Sometimes it seems as though the human default position, so to speak, is to treat life as if it consists primarily of a combination of fulfilling (more or less) various duties, and then rewarding oneself in various ways for having more-or-less fulfilled them. Or reversing the process by rewarding oneself in advance, and then plodding through the duties. Or (my personal favorite!) rewarding oneself on both ends of the process!
But ultimately, that's so empty.
This post-communion prayer (0f St. Simon Metaphrases) presents the alternative:
"Freely Thou hast given me Thy Body for my food, O Thou art a fire consuming the unworthy. Consume me not, O my Creator, but instead enter into my members, my veins, my heart. Consume the thorns of my transgressions. Cleanse my soul and sanctify my reasonings. Make firm my knees and body. Illumine my five senses. Nail me to the fear of Thee. Always protect, guard, and keep me from soul-destroying words and deeds. Cleanse me, purify me, and adorn me. Give me understanding and illumination. Show me to be a temple of Thy One Spirit, and not the home of many sins. May every evil thing, every carnal passion, flee from me as from a fire as I become Thy tabernacle through communion..."
Not duty and the rewards which are really self-induced anesthesia, but instead, fire.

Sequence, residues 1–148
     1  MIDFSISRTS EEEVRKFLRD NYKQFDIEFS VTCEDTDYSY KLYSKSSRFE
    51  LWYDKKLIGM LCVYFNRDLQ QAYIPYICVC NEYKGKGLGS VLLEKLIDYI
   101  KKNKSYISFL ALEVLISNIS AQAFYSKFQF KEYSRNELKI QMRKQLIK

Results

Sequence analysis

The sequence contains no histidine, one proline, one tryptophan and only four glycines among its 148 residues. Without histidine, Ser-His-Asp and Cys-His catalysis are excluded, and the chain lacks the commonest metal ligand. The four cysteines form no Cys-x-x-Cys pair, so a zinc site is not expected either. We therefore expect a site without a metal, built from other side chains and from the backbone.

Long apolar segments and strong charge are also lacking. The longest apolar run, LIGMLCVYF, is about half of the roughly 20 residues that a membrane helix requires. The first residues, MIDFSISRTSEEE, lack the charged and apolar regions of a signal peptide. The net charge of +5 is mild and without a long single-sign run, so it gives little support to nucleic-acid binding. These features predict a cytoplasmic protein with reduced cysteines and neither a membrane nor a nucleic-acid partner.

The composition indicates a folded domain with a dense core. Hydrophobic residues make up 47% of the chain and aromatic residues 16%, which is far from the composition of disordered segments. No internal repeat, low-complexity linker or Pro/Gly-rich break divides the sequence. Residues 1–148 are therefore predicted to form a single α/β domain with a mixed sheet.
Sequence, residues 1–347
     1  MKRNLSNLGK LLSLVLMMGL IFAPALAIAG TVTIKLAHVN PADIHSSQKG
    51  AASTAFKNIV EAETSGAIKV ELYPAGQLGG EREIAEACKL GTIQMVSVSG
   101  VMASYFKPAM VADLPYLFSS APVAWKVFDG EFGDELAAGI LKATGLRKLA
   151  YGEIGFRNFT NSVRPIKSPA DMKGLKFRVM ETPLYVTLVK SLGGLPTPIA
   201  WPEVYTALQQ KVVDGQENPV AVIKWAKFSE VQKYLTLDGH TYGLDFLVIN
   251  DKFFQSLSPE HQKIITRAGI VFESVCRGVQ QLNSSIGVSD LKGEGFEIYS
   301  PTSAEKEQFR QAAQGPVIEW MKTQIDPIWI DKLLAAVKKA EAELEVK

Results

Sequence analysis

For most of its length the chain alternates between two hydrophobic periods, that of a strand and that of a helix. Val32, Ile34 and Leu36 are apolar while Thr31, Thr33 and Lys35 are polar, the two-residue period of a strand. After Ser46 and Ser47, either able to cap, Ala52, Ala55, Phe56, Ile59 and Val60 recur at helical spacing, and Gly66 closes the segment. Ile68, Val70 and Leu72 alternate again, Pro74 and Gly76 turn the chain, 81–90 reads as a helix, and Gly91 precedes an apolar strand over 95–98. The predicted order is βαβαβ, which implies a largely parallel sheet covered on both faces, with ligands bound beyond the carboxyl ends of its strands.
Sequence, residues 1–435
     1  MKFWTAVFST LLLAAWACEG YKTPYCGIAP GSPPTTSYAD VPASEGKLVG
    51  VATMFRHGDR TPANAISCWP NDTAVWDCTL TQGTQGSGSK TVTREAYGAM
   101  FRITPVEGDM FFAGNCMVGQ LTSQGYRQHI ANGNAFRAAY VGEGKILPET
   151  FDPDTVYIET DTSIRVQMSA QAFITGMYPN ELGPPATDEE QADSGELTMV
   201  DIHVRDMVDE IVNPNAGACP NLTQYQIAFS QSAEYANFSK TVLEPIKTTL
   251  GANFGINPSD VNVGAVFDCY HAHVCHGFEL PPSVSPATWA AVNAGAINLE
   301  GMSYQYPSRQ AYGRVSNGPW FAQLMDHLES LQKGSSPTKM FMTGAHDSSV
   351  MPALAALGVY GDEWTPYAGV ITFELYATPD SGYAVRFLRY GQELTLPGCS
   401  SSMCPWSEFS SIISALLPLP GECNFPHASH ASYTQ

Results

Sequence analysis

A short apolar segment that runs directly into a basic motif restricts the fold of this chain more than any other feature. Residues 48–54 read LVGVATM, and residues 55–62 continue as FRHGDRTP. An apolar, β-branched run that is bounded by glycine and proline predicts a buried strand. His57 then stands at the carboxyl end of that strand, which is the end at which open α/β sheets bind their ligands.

By now everyone that would be remotely likely to read this blog has encountered this story from the writings of the desert fathers, but I'll place it here anyway:
"Abba Lot went to see Abba Joseph and said to him, 'Abba, as far as I can, I say my little office, I fast a little, I pray and meditate, I live in peace and as far as I can, I purify my thoughts. What else can I do?' Then the old man stood up and stretched his hands towards heaven. His fingers became like ten lamps of fire and he said to him, 'If you will, you can become all flame.'"
And St. John Chrysostom wrote,
"Let us clothe ourselves with spiritual fire, let us gird ourselves with its flame. No man who bears flame fears those who meet him; be it wild beast, be it man, be it snares innumerable, so long as he is armed with fire, all things stand out of his way, all things retire. The flame is intolerable, the fire can not be endured, it consumes all. With this fire let us clothe ourselves, offering up glory to our Lord Jesus Christ, with whom the Father, together with the Holy Spirit, be glory, might, honor, now and ever and world without end. Amen."
This last one seems rather odd--is he saying we are supposed to go around burning people up? The fire he speaks of can't be anything other than holy love, so it wouldn't be destructive--I think he means that we don't need to be afraid of anyone or anything. Of communion, he also wrote: "Let us come away from that table like fire-breathing lions of which the devil is afraid."